Estimated read time: 5-6 minutes
This archived news story is available only for your personal, non-commercial use. Information in the story may be outdated or superseded by additional information. Reading or replaying the story in its archived form does not constitute a republication of the story.
SALT LAKE CITY — For the first time since the COVID-19 pandemic struck Utah, state leaders conducted a press conference entirely in Spanish Thursday to address the unique challenges of the state's Latino community in combating the virus.
Utah Gov. Gary Herbert was introduced in Spanish by Lt. Gov. Spencer Cox. The governor spoke a bit in Spanish and started the conference by stating the growth of COVID-19 in the Latino community is “alarming.”
“As a state, we must address the disproportionate infection rates in the Latino community,” he said. “These infection rates are contributing to the overall surge of the infection rate in our entire state.”
Cox spoke entirely in Spanish and said the Latino community is important to the state of Utah and “we want to recognize that this community has been affected more than others by this pandemic.
“We are working closely with state agencies and local organizations so families can have resources and support,” Cox said in Spanish.
In Utah, Hispanics and Latinos account for just over 14% of the state population but more than 43% of the state's coronavirus cases. Thirty-eight members of the community have died from COVID-19.
Dr. Tamara Moores Todd, emergency physician and medical director of care transformation and information services at Intermountain Healthcare, said she has seen the effects on the Latino community up close and, for her, it hits close to home.
“I have seen the difficult effect in our patients and their families,” Moores Todd said. “And yes, I am here because I am one of the leaders of our Intermountain COVID-19 testing team.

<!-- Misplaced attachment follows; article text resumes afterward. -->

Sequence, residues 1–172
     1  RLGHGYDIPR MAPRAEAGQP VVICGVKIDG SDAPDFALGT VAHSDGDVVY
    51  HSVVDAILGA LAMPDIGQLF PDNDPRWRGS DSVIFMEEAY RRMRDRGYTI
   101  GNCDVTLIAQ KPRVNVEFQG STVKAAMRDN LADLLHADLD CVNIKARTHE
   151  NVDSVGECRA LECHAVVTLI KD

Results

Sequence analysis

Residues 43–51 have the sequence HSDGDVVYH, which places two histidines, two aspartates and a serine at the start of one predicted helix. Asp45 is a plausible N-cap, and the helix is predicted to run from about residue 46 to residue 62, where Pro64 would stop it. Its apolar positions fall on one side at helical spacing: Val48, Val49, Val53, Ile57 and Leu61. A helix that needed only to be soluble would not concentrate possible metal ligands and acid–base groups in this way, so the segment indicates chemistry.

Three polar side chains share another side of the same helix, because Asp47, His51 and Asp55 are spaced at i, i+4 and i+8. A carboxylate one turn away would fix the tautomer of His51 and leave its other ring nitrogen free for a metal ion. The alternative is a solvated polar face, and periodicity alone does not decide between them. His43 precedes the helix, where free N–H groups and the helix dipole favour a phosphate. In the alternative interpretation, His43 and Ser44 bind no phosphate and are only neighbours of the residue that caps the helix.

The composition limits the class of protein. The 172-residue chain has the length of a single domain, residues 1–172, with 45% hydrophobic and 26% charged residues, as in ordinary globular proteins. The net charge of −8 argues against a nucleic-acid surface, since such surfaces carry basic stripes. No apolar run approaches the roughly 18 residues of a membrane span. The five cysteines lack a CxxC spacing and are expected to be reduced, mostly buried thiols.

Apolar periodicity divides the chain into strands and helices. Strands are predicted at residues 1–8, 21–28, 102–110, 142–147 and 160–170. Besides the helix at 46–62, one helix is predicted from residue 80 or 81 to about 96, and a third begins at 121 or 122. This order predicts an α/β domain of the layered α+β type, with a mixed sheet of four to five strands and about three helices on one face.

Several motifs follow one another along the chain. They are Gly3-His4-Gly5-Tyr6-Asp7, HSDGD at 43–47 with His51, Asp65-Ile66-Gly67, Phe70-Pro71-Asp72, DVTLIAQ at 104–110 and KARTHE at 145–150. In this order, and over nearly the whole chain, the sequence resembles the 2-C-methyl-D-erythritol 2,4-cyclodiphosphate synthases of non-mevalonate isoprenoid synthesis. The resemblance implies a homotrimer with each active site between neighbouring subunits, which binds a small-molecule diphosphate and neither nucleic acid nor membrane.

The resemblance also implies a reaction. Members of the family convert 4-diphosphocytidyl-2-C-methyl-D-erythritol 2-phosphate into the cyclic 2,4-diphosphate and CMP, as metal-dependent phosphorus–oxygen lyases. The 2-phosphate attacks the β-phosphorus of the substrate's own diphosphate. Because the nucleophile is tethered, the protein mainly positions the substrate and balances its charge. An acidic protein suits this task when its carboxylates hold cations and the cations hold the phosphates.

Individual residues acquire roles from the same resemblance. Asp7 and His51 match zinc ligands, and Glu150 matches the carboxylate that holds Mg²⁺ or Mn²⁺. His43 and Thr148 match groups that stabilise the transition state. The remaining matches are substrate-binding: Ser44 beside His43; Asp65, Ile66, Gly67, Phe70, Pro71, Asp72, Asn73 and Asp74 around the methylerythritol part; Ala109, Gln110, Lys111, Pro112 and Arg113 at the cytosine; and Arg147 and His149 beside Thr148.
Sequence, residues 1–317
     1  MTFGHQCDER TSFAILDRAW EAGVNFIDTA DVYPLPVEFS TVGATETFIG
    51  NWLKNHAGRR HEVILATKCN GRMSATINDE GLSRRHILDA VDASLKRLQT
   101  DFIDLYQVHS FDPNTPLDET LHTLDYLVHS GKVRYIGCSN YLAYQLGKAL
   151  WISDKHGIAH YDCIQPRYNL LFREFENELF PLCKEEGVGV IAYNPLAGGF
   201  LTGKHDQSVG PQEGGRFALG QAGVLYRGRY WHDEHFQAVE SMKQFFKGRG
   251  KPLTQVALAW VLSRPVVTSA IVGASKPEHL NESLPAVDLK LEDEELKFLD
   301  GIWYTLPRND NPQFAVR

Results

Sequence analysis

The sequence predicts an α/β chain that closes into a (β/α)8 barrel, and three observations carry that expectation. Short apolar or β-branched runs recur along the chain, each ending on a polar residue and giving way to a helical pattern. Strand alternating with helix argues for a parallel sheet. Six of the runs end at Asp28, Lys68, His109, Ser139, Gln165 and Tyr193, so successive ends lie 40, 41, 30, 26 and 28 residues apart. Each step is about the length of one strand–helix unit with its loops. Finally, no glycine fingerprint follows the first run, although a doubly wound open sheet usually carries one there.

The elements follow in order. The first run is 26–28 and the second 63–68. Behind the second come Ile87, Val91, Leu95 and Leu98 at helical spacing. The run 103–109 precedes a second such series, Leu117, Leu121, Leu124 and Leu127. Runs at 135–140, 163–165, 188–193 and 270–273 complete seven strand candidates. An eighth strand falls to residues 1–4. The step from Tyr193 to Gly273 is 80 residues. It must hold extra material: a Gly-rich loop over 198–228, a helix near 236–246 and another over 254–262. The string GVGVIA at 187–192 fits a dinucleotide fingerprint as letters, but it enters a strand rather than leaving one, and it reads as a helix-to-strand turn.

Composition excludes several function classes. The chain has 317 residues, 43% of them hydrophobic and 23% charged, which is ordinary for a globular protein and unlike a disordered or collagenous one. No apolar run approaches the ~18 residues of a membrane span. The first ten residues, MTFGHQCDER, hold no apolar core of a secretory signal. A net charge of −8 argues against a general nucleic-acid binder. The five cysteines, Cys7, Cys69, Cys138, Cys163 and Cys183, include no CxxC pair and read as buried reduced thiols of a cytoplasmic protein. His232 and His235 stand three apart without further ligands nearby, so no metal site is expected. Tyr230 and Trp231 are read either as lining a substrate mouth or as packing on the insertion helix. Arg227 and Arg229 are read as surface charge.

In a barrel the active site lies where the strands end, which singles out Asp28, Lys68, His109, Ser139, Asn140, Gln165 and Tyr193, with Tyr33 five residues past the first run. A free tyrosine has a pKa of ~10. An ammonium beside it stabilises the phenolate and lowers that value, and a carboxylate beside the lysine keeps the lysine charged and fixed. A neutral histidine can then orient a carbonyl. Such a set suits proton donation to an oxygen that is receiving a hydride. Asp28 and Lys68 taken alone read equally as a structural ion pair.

“But more importantly, I am here because the Latino community is my community as well,” she continued. “My dad is from Canada and my mom is Puerto Rican, or how she says it, ‘Boricua, Boricua, Boricua!’
“So for those reasons, that’s why I am passionate about working with the Latino community. Because it’s my community as well.”
Moores Tood reiterated that the pandemic has not impacted all Utah residents and communities equally. Some of the factors that have contributed to the rise of infections in the Latino community includes people living in multi-generational homes, causing other family members to be infected, as well as financial circumstances.
To protect our community and avoid the virus from spreading, Moores Todd said it’s vital to follow the guidelines made by the CDC and other health officials, which include practicing social distancing, wearing a face mask, hand washing and cleaning frequently-touched surfaces.
“Throughout this time, it’s very important to maintain (social distance) to protect those around you,” Moores Todd said in Spanish.
My dad is from Canada and my mom is Puerto Rican, or how she says it, 'Boricua, Boricua, Boricua!' So for those reasons, that’s why I am passionate about working with the Latino community. Because it’s my community as well.